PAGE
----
Antony and Cleopatra

Antony and Cleopatra

Antony and Cleopatra Act 1, Scene 3 Summary & Analysis

Read our modern English translation of this scene.
Summary
Analysis
Cleopatra and her servants are looking for Antony. She sends Alexas to find Antony and tells her that if he seems sad she should say that Cleopatra is happy, and that if he seems happy, she should say Cleopatra is sad. Charmian cautions Cleopatra that she is not going about things the right way with Antony, and should “cross him in nothing,” in order to elicit his love.
Cleopatra is manipulative toward Antony, lying about her emotions in order to irritate him, because she is upset with him. She is far from the submissive woman that Charmian has in mind when she suggests that Cleopatra should “cross him in nothing.”
Themes
Strategy, Manipulation, and Power Theme Icon
Gender Roles Theme Icon
Antony enters and begins to speak to Cleopatra, who is greatly upset. Hardly allowing him to speak, she says she has been betrayed and wishes Antony had never come to Egypt. She asks how he could be true to her, when he was false to Fulvia. Antony tries to talk, but Cleopatra simply tells him to go. She says, “eternity was in our lips and eyes, / Bliss in our brows’ bent,” but now says that Antony has turned from the greatest soldier into the greatest liar.
Cleopatra feels betrayed by Antony, though by staying with Cleopatra he would himself be betraying Rome. Cleopatra is so angry that she doesn’t allow Antony to speak and deliver his message. Characters allied with Antony and Cleopatra repeatedly let their emotions get in the way of hearing important news or messages.
Themes
Love, Pleasure, and Decadence Theme Icon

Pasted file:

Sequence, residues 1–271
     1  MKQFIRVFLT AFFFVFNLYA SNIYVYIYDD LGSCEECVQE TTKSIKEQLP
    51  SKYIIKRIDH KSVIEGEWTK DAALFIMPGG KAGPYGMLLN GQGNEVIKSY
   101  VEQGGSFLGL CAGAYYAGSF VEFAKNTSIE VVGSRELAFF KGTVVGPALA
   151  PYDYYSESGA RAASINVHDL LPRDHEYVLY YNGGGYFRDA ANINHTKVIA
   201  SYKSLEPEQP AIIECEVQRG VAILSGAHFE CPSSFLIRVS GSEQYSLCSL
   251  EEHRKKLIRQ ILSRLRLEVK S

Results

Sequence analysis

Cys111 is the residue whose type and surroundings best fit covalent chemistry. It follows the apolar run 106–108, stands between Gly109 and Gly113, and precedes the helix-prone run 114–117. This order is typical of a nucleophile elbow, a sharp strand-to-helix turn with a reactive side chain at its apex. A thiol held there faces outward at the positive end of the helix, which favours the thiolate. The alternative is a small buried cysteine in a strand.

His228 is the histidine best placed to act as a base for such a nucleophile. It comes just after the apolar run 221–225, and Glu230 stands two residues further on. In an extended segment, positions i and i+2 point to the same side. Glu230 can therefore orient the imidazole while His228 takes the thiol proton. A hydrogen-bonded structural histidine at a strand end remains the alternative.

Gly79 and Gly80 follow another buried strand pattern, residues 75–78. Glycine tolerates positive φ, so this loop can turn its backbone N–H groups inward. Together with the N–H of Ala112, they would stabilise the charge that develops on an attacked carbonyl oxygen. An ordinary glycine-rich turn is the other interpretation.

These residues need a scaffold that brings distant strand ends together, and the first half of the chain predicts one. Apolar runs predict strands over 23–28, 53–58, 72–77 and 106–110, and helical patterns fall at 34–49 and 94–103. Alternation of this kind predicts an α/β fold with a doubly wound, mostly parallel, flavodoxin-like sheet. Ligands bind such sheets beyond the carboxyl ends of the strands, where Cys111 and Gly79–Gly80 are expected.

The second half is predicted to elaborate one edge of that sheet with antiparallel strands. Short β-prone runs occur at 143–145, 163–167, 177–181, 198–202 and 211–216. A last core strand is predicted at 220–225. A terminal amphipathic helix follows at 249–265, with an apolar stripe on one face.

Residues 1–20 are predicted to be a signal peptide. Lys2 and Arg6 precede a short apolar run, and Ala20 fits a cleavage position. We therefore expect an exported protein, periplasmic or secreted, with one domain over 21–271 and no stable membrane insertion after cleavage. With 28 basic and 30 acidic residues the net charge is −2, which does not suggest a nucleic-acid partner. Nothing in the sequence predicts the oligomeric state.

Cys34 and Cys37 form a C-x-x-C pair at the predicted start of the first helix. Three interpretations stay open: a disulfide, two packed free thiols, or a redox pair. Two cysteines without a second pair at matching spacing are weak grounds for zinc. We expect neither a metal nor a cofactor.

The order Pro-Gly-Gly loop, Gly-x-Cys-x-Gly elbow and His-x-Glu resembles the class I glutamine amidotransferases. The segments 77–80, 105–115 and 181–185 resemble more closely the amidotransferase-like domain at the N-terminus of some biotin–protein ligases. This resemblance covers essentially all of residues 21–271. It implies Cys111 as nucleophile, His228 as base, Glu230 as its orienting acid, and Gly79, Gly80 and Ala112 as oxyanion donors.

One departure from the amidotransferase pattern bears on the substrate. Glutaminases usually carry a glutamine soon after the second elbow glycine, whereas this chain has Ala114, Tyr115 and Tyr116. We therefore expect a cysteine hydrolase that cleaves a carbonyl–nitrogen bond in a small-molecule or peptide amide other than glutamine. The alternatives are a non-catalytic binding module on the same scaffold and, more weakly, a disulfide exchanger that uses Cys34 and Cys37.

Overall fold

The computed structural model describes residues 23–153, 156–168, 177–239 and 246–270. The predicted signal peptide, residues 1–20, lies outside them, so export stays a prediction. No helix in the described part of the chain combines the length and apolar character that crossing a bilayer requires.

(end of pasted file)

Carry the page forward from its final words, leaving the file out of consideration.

Honor, Loyalty, and Betrayal Theme Icon
Messages, Warnings, and Omens Theme Icon
Antony says that he has to go to Rome because of civil strife, but that his heart remains with Cleopatra. He tells her of Fulvia’s death, and Cleopatra is shocked at how calm he seems. She says that now she knows how he will react when she dies. Antony tells her to “quarrel no more,” and says that he goes forth as Cleopatra’s soldier and servant, “making peace or war / As thou affects.”
Antony tries to explain to Cleopatra the conflict he faces between his love for her and his duty toward Rome. He describes himself as Cleopatra’s soldier and servant, placing her in the position of leader and thereby reversing the traditional power dynamic of man and woman.
Themes
Love, Pleasure, and Decadence Theme Icon
Honor, Loyalty, and Betrayal Theme Icon
Gender Roles Theme Icon
Cleopatra still doubts Antony’s love for her and teases him, but allows him to leave and wishes him success and victory. Antony says that the distance between Cleopatra and him will not affect their relationship.
Cleopatra seems irrational here, and refuses to believe Antony, even as he continues to assert his love for her.
Themes
Love, Pleasure, and Decadence Theme Icon
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